Richmond confirmed the news via Facebook Sunday morning, writing, “He was surrounded by all of his brothers and sisters, one of his nieces and several other loved ones. We were playing music for him and he passed during David Bowie’s Starman. As per his wishes, we cheered at the moment that he transitioned to another dimension.”
Us Weekly rounds up Alexis’ five most memorable roles below.
1. The Wedding Singer, 1998
The Los Angeles native’s most famous role was in The Wedding Singer, where she played a Boy George impersonator alongside stars Adam Sandler and Drew Barrymore. Alexis later reprised her role in the comedy duo’s 2014 film Blended.
After news broke of Alexis’ death, Boy George posted a tribute on Twitter, writing, “R.I.P my sister Alexis Arquette. Another bright light gone out far too soon. Love to the family and all that loved Alexis.”
2. Pulp Fiction, 1994
Alexis had a brief (but memorable) role as an unidentified man in Pulp Fiction. She played a young drug dealer who popped out of a bathroom in a failed attempt to shoot Vincent (John Travolta) and Jules (Samuel L. Jackson). Alexis’ sister Rosanna also starred in the movie as Jody.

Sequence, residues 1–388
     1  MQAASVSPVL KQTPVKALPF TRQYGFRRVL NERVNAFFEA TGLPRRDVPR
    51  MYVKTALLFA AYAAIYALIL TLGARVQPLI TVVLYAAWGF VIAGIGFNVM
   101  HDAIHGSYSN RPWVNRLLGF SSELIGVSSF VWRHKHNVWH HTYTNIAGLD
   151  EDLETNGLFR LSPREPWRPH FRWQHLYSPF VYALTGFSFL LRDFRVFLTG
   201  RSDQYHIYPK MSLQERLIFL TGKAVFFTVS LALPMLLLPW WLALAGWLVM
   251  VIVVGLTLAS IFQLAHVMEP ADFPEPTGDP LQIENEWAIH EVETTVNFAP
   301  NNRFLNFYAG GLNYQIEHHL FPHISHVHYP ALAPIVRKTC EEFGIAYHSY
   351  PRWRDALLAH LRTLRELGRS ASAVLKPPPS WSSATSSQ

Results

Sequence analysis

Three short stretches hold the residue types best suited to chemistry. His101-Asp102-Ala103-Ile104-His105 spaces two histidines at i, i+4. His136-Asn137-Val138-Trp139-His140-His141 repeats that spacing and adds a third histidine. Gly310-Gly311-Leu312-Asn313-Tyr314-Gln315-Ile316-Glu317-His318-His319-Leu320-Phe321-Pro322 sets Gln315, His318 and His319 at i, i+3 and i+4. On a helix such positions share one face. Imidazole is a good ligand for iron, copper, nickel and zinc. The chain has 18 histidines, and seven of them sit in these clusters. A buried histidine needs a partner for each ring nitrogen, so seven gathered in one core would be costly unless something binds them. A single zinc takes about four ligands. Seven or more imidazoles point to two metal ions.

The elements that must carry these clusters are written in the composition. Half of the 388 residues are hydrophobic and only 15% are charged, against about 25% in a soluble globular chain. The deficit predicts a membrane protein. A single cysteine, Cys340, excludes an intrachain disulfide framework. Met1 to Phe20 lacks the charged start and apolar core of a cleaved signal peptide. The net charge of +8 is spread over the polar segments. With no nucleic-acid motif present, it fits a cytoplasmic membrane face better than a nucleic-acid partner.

3. Bride of Chucky, 1998
The LGBT activist played the dual roles of Howard Fitzwater and Damien Baylock in Bride of Chucky, the fourth film in the Child’s Play horror franchise. Damien was one of Tiffany’s (voiced by Jennifer Tilly) love interests before Chucky (Brad Dourif) killed him and dumped the body in a river.
4. Down and Out in Beverly Hills, 1986
Alexis made her big-screen debut in an uncredited role as Alexis, Max’s (Evan Richards) androgynous pal and bandmate, in Down and Out in Beverly Hills. The comedy — which starred Nick Nolte, Bette Midler and Richard Dreyfuss — was the first ever R-rated film released by Walt Disney Studios.
5. Last Exit to Brooklyn, 1989
At age 26, Alexis landed a major role in Last Exit to Brooklyn, a 1950s-inspired movie about prostitutes, union workers and drag queens. She played Georgette in the controversial drama, which was based on Hubert Selby Jr.’s 1964 novel of the same name.
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